Israeli farmers dump crops on major highways in protest
August 6, 2021
The Shmitah (Sabbatical) year is a little over a month away.
Coincidentally, the Israeli Finance in coordination with the Agricultural Ministry, has introduced reforms that would enable more European produce to be imported into Israel creating unwanted competition for Israeli farmers.
In response, Farmers across Israel have blocked roads by dumping massive amounts of unsold crops in major highway intersections on Thursday putting traffic throughout the Jewish state at a standstill for an hour-and-a-half.
Thousands of farmers and agricultural workers blocked eight major arteries on Thursday morning, in protest of the reforms proposed by Finance Minister Avigdor Liberman and Agriculture Minister Oded Forer, which they fear is a danger to their livelihoods.
The farmers blocked major intersections while dumping agricultural produce and eggs on the roads.
Traffic was held at a standstill in the morning, as the farmers mobilized trucks, tractors, and other heavy machinery to slow and stop traffic.
The new laws seek to recognize European standards on produce and will try to enable greater competition in the fruit and vegetable industries by decreasing tariffs on foreign produce.
The reforms are being introduced during the dawn of Israel’s upcoming Sabbatical year, which begins on Rosh Hashanah. The holiday falls on the evening of September 6. During the Sabbatical, farmers in Israel are commanded to allow their fields to ‘rest’ and cannot be worked for the duration of the year.
Additionally, regulations on European produce will be loosened, enabling a wider range of produce throughout the year.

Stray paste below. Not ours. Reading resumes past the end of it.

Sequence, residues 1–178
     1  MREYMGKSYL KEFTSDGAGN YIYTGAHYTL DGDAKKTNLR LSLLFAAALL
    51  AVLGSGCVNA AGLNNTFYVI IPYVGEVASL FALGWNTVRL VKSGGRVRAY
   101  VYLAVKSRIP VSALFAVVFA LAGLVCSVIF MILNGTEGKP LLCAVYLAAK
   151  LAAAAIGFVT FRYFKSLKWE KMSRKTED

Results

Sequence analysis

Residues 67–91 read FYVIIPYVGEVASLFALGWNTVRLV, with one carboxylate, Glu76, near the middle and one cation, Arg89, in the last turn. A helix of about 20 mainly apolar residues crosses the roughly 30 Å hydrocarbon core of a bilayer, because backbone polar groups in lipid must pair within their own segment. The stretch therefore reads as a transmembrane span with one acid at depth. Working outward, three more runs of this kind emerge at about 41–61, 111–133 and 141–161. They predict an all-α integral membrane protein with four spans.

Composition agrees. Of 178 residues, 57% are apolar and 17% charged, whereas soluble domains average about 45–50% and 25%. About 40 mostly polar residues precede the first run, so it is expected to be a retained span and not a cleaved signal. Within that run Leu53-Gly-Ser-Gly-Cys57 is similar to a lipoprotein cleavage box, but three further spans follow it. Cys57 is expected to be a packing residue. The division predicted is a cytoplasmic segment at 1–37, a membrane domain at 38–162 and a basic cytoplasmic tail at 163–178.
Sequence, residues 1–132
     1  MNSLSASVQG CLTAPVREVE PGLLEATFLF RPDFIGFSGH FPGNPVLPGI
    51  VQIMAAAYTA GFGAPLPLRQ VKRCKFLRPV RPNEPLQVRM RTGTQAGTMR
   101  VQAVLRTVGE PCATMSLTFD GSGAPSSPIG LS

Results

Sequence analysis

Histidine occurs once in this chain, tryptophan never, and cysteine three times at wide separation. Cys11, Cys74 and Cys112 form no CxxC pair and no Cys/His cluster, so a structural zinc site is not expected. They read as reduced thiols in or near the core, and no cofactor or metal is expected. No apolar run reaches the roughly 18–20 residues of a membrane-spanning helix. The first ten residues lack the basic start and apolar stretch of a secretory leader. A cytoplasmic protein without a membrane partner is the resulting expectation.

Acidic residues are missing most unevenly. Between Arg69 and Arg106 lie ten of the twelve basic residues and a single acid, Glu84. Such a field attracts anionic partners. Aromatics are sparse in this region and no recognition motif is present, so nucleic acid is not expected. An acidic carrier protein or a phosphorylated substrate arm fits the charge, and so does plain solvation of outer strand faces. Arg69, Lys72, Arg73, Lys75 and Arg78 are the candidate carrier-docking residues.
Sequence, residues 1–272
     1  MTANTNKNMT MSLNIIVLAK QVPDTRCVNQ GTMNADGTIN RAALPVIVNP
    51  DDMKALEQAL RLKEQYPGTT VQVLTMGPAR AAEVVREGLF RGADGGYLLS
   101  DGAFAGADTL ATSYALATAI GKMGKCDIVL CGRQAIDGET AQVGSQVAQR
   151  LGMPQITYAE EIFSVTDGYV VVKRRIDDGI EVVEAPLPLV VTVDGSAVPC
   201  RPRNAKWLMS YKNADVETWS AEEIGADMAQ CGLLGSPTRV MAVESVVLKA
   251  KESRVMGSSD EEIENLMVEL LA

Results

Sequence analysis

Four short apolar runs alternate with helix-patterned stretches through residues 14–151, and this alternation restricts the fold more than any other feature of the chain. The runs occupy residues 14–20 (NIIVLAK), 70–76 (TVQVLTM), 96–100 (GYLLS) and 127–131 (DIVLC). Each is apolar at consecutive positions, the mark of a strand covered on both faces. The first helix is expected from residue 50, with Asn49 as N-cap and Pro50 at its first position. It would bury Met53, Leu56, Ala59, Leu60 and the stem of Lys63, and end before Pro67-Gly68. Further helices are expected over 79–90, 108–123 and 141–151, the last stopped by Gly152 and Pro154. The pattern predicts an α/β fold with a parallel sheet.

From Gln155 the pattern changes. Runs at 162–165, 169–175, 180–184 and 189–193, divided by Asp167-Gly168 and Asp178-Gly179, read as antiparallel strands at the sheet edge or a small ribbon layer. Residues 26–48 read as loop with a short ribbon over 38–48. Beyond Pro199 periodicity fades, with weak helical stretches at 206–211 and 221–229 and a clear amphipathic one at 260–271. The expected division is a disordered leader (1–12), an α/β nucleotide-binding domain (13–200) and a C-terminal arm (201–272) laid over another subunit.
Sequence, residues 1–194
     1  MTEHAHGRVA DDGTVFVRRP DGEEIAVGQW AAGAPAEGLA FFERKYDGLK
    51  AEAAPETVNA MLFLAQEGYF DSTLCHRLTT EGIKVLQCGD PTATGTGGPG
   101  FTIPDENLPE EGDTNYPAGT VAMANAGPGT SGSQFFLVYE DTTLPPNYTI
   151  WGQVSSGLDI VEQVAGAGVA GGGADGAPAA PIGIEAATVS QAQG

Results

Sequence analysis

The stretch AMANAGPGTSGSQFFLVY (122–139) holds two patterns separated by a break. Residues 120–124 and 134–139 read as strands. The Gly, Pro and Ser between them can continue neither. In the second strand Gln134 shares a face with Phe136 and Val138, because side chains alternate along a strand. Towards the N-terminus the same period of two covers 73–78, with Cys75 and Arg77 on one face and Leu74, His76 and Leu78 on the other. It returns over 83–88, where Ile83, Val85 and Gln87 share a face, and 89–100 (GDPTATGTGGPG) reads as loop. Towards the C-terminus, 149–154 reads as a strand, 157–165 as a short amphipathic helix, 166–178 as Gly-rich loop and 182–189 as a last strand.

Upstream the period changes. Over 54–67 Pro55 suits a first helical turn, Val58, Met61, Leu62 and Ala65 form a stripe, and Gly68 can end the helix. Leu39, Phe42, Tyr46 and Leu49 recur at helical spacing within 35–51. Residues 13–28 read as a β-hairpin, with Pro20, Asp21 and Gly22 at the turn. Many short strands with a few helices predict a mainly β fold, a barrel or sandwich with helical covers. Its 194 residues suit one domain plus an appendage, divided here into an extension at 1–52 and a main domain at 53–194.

According to Liberman, the reform will save Israeli consumers roughly NIS 2.7 billion a year, or NIS 840 per household.
The new policy includes compensation for farmers that includes financial packages such as direct monetary support for each farmer per cultivated dunam. It also provides increased tax benefits to encourage capital investment as well as an investment of more than NIS 2 billion for raising productivity in the agriculture sector.
The farmers fear that they will be hurt financially by the reforms. Although many realize that food prices are too high, they also said that the reform’s goals are misplaced and should be directed towards the produce suppliers, who they claim inflate prices artificially.
“Farmers from all over Israel went out to protest and say clearly: The prices in supermarkets are high not because of the farmers, who only get several shekels per kg for their produce, but because of the supermarket chains, who inflate the prices and earn millions of shekels off of the backs of the farmers and consumers,” said Avshalom (Avi) Vilan, chair of the Israeli Farmers Union.
“The farmers do not control the prices or the cost of living” he added. “What we see here is the cowardice of the Finance and Agriculture ministers, who are afraid to challenge the retailers and supermarket chains, and therefore are bullying the farmers, who work in the fields no matter the weather conditions.”
Regarding the protest, Vilan said: “We are sprawled out on intersections all across the state to show that Israel’s agriculture industry will not be closed down. We will not comply with a reform that will hurt the country, the farmers, the consumers, and the collective physical and nutritional safety.”